COS (g+h)=H1/Hpm (14)
SIN (g+h)=H2/Hpm (15)
where H1 is the vector measured along the x axis, and H2 is the vector measured along the y axis in FIG. 9.
A complete determination of the angle g can be made from the measurements of the vector quantities G1 and G2, again along the x and y axes, by forming the quantities: ##EQU2##
COS (g)=G1/Gpm (17)
SIN (g)=G2/Gpm (18)
This determination of the angle G has some redundancy since the quantity Gpm is known from the fact that the vector G, the direction of the earth's gravity, is already known, as is the value of the unit vector n2.
From the foregoing relationships, therefore, it is seen that from a measurement of the gravity vector G by means of the accelerometers and from a knowledge of the direction of the unit vector n2 of the relief well, the orientation of the sensor 26 within the well and thus of the direction of the reference axes 180 and 182 can be determined by calculating the angle g. Thereafter, the angle h can be calculated, and from the measured vector Hp, the magnetic field vector H can be determined both as to its intensity and its direction. This determination of the intensity and direction of the magnetic field vector permits an accurate determination of the direction of the source of the magnetic field, that is, the direction of the target well in which the current I flows. From these measurements, the magnitude and direction of the vector a which connects the relief and target wells in a horizontal plane at a depth other than the location of the sensor 26 can then be found from the measurements made by the sensor, using the mathematical framework described with respect to FIG. 10. In all of the determinations of the distance between the relief and target wells, however, a theoretical determination of the current I flowing in the blowout well must be obtained. Such information is readily available from published material. (See, for example, Kuckes, Lautzenheizer, Sigal, and Nekut, SPE Journal, June 1984, pp 269-274).
An alternative method of finding the direction and magnitude of the vector a is to make a series of determinations of Hpm and the angle h at a series of depths in the relief well. These results are then plotted as a function of depth. Thereafter, an initial value for the vector a is assumed and theoretical values of Hpm and the angle h are readily computed, using the mathematical framework outlined above for the depth intervals spanned by the measurements. The measured Hpm values on the plot can then be compared with the theoretical values, after fixing the current I at a "normalized" value so that the theoretical and measured values agree at one selected depth, and the plots of the angle h can be compared with the theoretical values of h by selecting successive values of the vector a. By repetitive comparison of the plotted values with the varied theoretical values of Hpm and the angle h, an iterative method can be followed which quickly leads to an optimized determination of both the distance and direction to the blowout well.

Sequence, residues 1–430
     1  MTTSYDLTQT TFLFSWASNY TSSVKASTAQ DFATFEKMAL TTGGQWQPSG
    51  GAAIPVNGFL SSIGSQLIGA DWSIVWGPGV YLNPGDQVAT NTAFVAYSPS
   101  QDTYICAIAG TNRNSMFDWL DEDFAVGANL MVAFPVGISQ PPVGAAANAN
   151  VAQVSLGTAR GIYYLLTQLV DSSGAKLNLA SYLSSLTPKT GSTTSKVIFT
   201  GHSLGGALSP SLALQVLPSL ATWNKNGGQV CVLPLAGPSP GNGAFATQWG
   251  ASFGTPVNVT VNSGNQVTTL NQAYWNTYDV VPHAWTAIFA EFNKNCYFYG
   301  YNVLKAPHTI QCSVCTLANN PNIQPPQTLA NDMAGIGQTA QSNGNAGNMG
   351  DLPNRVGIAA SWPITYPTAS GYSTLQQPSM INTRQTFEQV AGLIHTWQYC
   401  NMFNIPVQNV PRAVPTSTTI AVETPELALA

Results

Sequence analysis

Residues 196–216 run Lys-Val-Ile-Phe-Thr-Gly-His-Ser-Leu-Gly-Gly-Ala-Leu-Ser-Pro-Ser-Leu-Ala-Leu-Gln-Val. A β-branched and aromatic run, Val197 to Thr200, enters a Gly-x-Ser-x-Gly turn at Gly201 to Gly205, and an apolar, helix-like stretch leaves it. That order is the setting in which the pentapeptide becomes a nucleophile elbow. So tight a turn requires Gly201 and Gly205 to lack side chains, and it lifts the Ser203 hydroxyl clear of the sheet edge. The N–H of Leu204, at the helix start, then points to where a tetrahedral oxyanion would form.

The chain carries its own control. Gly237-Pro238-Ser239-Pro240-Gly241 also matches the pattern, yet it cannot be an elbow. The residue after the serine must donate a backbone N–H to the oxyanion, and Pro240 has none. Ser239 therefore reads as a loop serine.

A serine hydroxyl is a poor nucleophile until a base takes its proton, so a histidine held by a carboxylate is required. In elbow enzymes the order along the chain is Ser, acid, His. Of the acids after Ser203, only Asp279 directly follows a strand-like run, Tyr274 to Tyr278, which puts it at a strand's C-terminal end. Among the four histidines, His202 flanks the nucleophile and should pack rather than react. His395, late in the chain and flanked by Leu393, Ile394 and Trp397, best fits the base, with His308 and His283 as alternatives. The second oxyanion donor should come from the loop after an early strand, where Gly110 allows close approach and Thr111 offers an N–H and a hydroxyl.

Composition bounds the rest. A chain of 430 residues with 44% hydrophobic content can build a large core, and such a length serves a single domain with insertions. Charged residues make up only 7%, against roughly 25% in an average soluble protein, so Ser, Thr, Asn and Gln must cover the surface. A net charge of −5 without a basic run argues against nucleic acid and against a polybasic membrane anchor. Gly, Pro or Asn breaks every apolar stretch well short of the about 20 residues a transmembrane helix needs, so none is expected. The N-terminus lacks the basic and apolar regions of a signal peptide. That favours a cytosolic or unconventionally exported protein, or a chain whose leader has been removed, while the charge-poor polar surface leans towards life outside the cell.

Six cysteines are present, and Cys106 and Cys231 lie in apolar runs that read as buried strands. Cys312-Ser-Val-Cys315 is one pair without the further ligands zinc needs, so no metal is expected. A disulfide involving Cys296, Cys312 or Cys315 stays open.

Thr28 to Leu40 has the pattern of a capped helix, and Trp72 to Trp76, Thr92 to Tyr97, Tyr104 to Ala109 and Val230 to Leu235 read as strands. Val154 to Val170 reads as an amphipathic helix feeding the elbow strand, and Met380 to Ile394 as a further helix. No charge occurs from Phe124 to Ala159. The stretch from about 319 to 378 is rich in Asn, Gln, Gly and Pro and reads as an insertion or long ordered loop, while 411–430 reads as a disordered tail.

Although the foregoing analysis has been made in conjunction with measurements of the alternating magnetic field and earth's gravity, it will be understood that the orientation of the sensor 26 within the relief well may, in some circumstances, be facilitated by a measurement of a component of the earth's static magnitude field E, taken along one of the X or Y axes discussed above. Such a measurement, made in accordance with the teachings of the aforesaid U.S. Pat. No. 4372398, may be combined with a measurement of gravity along the same x or y axis to provide an accurate orientation of the sensor, even in the singular cases of a relief well being bored nearly vertically or nearly parallel to the earth's magnetic field lines. In those singular cases, the measurement of a single vector of the earth's magnetic field in addition to a vector of gravity is helpful; in all other cases, a sensor using two accelerometers with the two alternating field magnetometers is preferred.
Although the present invention has been set forth in terms of preferred embodiments, it will be understood that numerous modifications and variations may be made without departing from the true spirit and scope thereof, as set forth in the accompanying claims.
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|U.S. Classification||340/853.5, 175/45, 33/304, 166/66.5|
|Cooperative Classification||G01V3/26, E21B47/022|
|European Classification||G01V3/26, E21B47/022|
|Apr 4, 1986||AS||Assignment|
Owner name: VECTOR MAGNETICS, INC. 123 WEST FALLS STREET, ITHA
Free format text: ASSIGNMENT OF ASSIGNORS INTEREST.;ASSIGNOR:KUCKES, ARTHUR F.;REEL/FRAME:004536/0204
Effective date: 19860331
|Oct 26, 1990||FPAY||Fee payment|
Year of fee payment: 4
|Mar 20, 1995||FPAY||Fee payment|
Year of fee payment: 8
|Feb 24, 1999||FPAY||Fee payment|
Year of fee payment: 12